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Sponge Syringe Can Seal Gunshot Wounds In 15 Seconds (Hopefully)

Don't just use your ktichen sponge though, bad idea


This pocket-sized, sponge-filled syringe may look flimsy, but a team of developers from Oregon company RevMedX say it’s our greatest hope yet for saving civilians and soldiers alike from blood loss.

Veteran and co-creator John Steinbaugh has seen first-hand how quickly gunshot wounds can hemorrhage. Blood loss is the leading cause of death in armed conflict, and he describes traditional gauze dressings as insufficient and excruciating.

Enter XStat, a syringe filled with coated sponges that RevMedX says will easily stop hemorrhaging and seal a wound in just fifteen seconds.

Popular Science explains how the miraculous sounding device works.

The team settled on a sponge made from wood pulp and coated with chitosan, a blood-clotting, antimicrobial substance that comes from shrimp shells. To ensure that no sponges would be left inside the body accidentally, they added X-shaped markers that make each sponge visible on an x-ray image.

The sponges work fast: In just 15 seconds, they expand to fill the entire wound cavity, creating enough pressure to stop heavy bleeding. And because the sponges cling to moist surfaces, they aren’t pushed back out of the body by gushing blood.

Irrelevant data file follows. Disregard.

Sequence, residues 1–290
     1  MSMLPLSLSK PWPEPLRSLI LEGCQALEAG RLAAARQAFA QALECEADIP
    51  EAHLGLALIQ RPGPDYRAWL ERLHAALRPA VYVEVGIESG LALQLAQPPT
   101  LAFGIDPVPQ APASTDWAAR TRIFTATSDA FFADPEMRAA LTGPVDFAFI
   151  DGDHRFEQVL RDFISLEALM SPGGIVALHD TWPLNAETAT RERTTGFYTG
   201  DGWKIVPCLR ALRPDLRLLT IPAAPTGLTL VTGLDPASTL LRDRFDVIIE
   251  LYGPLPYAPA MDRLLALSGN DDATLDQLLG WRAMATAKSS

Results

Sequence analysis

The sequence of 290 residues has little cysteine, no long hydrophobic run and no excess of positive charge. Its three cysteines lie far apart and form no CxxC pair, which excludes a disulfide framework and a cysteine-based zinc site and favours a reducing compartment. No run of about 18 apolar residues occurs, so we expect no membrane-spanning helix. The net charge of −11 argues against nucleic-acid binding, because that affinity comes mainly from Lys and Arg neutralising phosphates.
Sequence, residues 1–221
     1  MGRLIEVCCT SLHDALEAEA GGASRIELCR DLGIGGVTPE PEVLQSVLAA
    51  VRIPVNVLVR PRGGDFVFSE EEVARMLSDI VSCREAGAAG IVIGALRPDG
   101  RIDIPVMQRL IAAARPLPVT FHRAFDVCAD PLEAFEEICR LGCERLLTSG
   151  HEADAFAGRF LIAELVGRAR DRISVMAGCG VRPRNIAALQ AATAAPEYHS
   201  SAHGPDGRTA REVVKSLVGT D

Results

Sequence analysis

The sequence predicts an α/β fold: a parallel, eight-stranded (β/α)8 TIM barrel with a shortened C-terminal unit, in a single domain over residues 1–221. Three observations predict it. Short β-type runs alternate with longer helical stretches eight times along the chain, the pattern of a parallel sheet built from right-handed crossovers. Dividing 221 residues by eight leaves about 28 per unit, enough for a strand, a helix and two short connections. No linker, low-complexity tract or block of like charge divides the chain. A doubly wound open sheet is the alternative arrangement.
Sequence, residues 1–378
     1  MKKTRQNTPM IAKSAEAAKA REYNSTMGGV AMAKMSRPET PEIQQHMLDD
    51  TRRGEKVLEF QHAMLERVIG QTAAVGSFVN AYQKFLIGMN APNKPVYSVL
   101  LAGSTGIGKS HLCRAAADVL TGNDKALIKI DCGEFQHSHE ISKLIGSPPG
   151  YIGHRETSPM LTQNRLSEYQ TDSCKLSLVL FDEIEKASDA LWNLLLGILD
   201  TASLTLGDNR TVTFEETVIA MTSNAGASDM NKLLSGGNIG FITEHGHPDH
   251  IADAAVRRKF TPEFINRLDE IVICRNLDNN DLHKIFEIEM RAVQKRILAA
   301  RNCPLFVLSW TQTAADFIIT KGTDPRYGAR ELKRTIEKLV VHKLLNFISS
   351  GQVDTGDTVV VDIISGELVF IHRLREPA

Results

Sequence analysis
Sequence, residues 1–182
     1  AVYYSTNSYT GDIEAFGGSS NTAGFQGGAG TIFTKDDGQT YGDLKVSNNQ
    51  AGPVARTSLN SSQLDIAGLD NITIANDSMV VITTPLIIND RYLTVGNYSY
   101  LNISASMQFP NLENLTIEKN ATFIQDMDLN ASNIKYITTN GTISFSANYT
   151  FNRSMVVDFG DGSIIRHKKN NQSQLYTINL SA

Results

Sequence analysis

Confirms Steinbaugh, with XStat,  “By the time you even put a bandage over the wound, the bleeding has already stopped.”


XStat has been tested on pigs-if you’re squeamish, you’ll be relieved we didn’t show those images instead.

The syringe is used to get the sponges as close as possible to the artery, and was originally inspired by Fix-A-Flat Foam for tires. The Army has given RevMedX $5 Million to continue to develop their powerful little syringe, and XStat is now awaiting FDA approval.

Even though XStat might sound like part of a horrible buzzfeed post (what common household products are you not using to stop hemorrhaging that you should be?) it is pretty amazing that one day your life could be saved by simple, intuitive, easy to use sponge technology, and pretty strange that it was all inspired by flat tires.

(Popular Science via Gizmodo,images via RevMedX)


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